One illuminating battle in the current infrastructure wars involves “pay-fors,” as Republicans push for the infrastructure bill to be paid for in part by new user fees on electric vehicle owners. They’re not just trying to impose a political tax on electric cars that they see as a Democratic form of transportation favored by rich urban progressives; they also make the legitimate substantive argument that electric-vehicle drivers are literal “free riders” who contribute to the wear and tear on U.S. highways without paying the gasoline taxes that help finance highway maintenance.
But when it comes to the greenhouse-gas-emitting activities that are making the earth a bit more like Venus every day, we’re all free riders. The big problem with America’s fossil-friendly public policies since the Industrial Revolution is that they haven’t imposed user fees on us for contributing to the wear and tear on our atmosphere — by flying, eating meat, and especially these days, running our air conditioners.
The whole point of climate policies like clean energy subsidies or Biden’s clean electricity standard or a carbon tax or Obama’s cap-and-trade proposal is to encourage us to pay a user fee for our use of the atmosphere, creating a financial incentive to reduce our impact on the environment. But it’s going to be tough to pass those kinds of policies until our politicians act like the emergency is real.
Welcome to POLITICO Nightly. We won’t be publishing on Monday, July 5. But we’ll be back and better than ever Tuesday, July 6. Reach out with news, tips and ideas for us at [email protected], or on Twitter at @MikeGrunwald.
— U.S. job gains surge, easing pressure on Biden over labor market: The U.S. economy added 850,000 jobs in June, a strong showing after two disappointing months of employment growth that had sparked criticism from Republicans that the Biden administration was stifling a labor market revival. The report from the Labor Department marked a significant improvement over May’s 583,000 net job gain and beat Wall Street expectations of about 700,000. The unemployment rate was little changed at 5.9 percent.
— Biden nixes Trump-era drama as he welcomes World Champion Dodgers to White House: Biden welcomed the Los Angeles Dodgers to the White House today to celebrate their 2020 World Series win with a cheerful ceremony that represented a stark departure from the heavily politicized gatherings of professional sports teams under former President Donald Trump. Speaking from the East Room in an event attended by Vice President Kamala Harris and second gentleman Douglas Emhoff, Biden said the Dodgers were “a lot more than a baseball club” — describing the championship-winning team as “a pillar of American culture and American progress,” and invoking the barrier-breaking Brooklyn Dodger Jackie Robinson.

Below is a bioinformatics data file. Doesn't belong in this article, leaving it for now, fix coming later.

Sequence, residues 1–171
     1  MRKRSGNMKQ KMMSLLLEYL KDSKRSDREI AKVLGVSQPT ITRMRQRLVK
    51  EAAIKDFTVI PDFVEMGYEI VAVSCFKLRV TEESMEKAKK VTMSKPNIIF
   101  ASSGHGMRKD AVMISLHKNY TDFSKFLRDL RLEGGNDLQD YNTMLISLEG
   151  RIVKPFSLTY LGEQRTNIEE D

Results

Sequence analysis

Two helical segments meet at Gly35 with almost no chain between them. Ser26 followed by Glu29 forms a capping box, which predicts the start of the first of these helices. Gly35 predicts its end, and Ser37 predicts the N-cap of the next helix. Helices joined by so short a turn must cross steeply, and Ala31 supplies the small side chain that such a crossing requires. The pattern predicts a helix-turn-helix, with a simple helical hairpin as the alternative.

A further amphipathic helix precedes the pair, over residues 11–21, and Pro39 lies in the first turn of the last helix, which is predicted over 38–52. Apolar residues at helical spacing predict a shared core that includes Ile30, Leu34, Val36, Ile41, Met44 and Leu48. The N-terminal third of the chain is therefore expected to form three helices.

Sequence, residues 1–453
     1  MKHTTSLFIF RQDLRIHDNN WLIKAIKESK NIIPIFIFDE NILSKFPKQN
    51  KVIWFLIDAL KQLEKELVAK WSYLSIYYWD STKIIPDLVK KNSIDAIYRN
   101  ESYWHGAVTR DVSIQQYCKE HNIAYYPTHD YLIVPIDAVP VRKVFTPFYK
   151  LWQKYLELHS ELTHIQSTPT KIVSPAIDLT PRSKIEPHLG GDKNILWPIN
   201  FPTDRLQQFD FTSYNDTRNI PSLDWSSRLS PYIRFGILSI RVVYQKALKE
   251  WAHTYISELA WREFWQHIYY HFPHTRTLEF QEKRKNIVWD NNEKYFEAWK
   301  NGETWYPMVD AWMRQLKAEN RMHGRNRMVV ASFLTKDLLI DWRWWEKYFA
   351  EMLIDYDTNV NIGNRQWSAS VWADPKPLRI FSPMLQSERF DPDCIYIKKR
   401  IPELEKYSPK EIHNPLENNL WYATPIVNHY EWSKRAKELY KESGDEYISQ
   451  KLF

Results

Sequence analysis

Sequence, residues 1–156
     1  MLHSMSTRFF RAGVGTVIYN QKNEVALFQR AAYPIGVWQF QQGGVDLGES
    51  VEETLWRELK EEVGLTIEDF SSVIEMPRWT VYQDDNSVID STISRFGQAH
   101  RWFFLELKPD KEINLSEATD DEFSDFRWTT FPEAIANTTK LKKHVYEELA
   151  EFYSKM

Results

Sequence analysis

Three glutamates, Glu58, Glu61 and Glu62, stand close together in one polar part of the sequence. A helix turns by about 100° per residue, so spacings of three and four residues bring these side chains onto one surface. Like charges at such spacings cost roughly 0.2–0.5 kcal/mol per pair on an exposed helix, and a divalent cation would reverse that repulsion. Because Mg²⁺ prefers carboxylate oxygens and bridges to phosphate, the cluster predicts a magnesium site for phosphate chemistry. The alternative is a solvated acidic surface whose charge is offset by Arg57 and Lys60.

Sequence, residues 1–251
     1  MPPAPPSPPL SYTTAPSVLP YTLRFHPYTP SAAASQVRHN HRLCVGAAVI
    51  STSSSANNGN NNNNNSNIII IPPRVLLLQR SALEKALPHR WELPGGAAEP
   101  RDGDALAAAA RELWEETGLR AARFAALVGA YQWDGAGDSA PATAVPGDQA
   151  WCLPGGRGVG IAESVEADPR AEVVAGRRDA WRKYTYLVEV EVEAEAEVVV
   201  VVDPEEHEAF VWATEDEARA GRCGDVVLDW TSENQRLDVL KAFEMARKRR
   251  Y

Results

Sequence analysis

— Climate scientists take swipe at Exxon Mobil, industry in leaked report: A recently leaked draft report written by some of the world’s top climate scientists blamed disinformation and lobbying campaigns — including by Exxon Mobil — for undermining government efforts to reduce greenhouse gas emissions and increasing the dangers of global warming to society. The draft report, which has been reviewed by POLITICO and other news organizations in recent days, is part of an upcoming review of climate science by the Intergovernmental Panel on Climate Change, a body that brings together scientists from around the globe to examine the state of climate research. The draft dedicates part of its North America section to public “resistance to climate change science.”
1975 OR 1989? The situation in Afghanistan is grim. An occupying army is withdrawing its last troops, bombs are besieging Kabul and the country appears on the verge of a civil war. U.S. diplomats believe they can’t count on the shaky Afghan government to survive, much less protect them.
It’s Jan. 30, 1989, two weeks until the last Soviet forces leave, and U.S. officials have just closed the American Embassy in Kabul, while promising “the United States will return.” But they wouldn’t reopen the diplomatic mission until January 2002, after the U.S. came back to Afghanistan with its own troops to topple the Taliban regime.